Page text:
Developments along Valley Street are changing the dynamics of South Orange Village Center — changes that could be reflected in new boundaries and the budget for the Village Center’s special improvement district in 2016.
In a presentation to the South Orange Village Board of Trustees on Monday night, leaders of the South Orange Village Center Alliance, the non-profit tasked with managing the SID, enumerated the Alliance’s many accomplishments of 2015, as well as its goals and proposed budget for 2016.
Matt Glass, Chair of the SOVCA Board of Directors, thanked his “lively” board (members are listed in the presentation below) who meet every third Wednesday of the month at 8 a.m. at 76 South Orange Avenue. He invited members of the public to attend. Glass also thanked SOVCA Director Bob Zuckerman and the “incredible and amazing” Melissa Hodge, SOVCA’s events and operations associate, for their work.
Then Glass got down to the business of enumerating SOVCA’s many successes in 2015: A tremendous 2nd annual PlayDay that attracted more than 3,500 people to play in the streets in September and brought in $25,000 in cash sponsorship; Downtown After Sundown which included more than 80 concerts; the Farmers Market which grew in size and diversity (soaps, accessories); the burgeoning Halloween at Spiotta Park and trick-or-treating with Village merchants; the Elf Parade and tree lighting; and the Pop ‘N Shop. Glass noted that both Halloween and the tree had their best years ever. He also noted that the organization was looking to have another pop-up shop in June due to the success of the Holiday shop.
One event that disappointed was Small Business Saturday which brought in half the amount of participation as last year. In talking to other towns, Glass found that SBS traffic was down everywhere, probably due to the fact that American Express, which created the event, was no longer giving small business credits for the day.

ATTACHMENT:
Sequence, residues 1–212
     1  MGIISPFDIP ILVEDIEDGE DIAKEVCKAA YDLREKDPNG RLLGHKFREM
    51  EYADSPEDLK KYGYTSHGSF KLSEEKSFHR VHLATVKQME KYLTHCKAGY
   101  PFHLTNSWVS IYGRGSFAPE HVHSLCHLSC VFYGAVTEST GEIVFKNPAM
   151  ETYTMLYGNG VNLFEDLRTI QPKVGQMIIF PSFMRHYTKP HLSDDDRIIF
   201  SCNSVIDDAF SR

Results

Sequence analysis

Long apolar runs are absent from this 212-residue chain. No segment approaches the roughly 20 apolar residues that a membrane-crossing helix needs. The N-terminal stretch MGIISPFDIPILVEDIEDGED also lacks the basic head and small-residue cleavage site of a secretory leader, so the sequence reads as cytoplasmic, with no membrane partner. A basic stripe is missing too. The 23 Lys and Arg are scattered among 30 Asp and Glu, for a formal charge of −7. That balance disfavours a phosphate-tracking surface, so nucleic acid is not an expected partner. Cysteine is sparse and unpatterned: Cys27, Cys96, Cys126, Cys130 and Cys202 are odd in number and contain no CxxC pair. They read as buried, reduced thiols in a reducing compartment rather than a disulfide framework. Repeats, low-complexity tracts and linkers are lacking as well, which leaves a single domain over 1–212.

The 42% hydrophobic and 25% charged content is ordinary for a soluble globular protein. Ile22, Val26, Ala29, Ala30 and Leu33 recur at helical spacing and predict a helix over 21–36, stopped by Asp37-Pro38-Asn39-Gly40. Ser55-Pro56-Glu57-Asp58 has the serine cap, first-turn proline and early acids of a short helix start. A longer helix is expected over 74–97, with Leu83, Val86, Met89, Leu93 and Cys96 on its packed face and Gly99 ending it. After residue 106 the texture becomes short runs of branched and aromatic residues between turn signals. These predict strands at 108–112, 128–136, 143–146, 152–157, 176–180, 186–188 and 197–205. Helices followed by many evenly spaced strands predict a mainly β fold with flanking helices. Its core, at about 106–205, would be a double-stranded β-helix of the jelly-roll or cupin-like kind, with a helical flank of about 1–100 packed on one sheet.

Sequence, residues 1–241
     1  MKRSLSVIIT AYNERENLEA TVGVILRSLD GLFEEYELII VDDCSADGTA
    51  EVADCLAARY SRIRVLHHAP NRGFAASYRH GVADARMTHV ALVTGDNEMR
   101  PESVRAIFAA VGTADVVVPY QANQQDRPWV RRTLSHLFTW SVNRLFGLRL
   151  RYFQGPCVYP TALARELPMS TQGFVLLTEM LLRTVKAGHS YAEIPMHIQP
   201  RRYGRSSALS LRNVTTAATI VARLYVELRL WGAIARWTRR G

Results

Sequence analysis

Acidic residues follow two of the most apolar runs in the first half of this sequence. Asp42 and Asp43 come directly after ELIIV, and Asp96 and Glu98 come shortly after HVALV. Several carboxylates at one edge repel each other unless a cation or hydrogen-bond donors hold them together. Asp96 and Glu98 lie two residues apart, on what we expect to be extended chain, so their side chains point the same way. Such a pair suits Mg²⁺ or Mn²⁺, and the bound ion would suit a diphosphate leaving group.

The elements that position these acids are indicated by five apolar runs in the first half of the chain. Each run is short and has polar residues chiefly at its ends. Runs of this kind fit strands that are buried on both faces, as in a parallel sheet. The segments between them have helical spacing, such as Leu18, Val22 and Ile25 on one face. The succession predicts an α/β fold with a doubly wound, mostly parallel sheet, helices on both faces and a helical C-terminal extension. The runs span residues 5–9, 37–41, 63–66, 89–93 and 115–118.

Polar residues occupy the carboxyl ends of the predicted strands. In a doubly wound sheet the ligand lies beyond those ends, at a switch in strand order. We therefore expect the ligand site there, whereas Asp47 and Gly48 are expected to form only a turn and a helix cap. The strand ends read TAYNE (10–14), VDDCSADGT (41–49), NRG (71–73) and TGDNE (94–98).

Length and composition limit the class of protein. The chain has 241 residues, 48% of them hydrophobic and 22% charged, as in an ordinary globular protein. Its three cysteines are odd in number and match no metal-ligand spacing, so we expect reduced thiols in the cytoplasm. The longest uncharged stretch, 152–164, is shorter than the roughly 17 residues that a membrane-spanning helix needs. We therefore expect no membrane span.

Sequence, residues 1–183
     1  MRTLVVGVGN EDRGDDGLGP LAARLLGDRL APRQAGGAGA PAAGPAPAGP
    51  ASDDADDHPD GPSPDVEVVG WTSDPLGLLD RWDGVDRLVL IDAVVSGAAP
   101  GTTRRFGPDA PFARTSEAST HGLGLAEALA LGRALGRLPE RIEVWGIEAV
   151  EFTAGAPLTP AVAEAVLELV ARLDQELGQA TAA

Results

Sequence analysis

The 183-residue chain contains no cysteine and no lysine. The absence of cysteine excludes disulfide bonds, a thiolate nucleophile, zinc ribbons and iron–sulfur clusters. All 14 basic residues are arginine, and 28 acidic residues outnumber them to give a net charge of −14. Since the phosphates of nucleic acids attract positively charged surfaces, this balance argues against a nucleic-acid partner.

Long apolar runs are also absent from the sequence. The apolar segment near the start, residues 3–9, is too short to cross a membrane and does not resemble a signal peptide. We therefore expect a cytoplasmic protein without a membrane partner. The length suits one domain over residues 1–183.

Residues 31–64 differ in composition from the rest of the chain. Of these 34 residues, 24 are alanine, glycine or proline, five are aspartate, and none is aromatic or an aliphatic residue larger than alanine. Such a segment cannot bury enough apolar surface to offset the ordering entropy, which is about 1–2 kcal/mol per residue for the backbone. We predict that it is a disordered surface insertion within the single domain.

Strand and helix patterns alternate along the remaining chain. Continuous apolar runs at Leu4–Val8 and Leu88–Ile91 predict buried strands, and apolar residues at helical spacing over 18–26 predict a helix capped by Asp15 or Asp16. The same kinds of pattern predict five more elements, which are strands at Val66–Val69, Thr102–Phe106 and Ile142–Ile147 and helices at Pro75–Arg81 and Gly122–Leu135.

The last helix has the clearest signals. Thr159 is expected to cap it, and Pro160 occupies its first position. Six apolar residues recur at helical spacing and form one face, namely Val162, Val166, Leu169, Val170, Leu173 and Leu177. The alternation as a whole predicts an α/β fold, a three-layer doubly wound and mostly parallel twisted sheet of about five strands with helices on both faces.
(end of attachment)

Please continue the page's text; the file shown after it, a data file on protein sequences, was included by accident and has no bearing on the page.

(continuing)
Glass also enumerated SOVCA’s behind-the-scenes work: advocating for businesses, scrubbing the town code to remove business-unfriendly ordinances, facade and awning design, providing new trash and recycling cans, simplifying the process for al fresco dining and getting the fee waived, senior discount cards, and more.
SOVCA is also working on the big picture, said Glass, helping to ensure that the development in the Village Center is “done correctly” with the “correct density.” He noted that SOVCA leadership is concerned about the traffic impact of development.
Another large part of SOVCA’s job is business recruitment, with Zuckerman researching other towns and canvassing for merchants. SOVCA keeps an inventory of vacant spaces, hosts broker cocktail parties, and is stewarding recruitment for 3rd & Vallley “We should have an announcement soon” concerning a retail tenant at that development, said Glass. He also noted that “things are happening behind the scenes [at the group of buildings including Blockbuster] that we hope will move forward in 2016.”
Other duties such as marketing, communications, and sidewalk cleaning were detailed and can be found in the report attached below.
Zuckerman then took to the podium to talk about the expansion of the district southward on Valley Street — to encompass two new major developments at 3rd & Valley and 4th & Valley.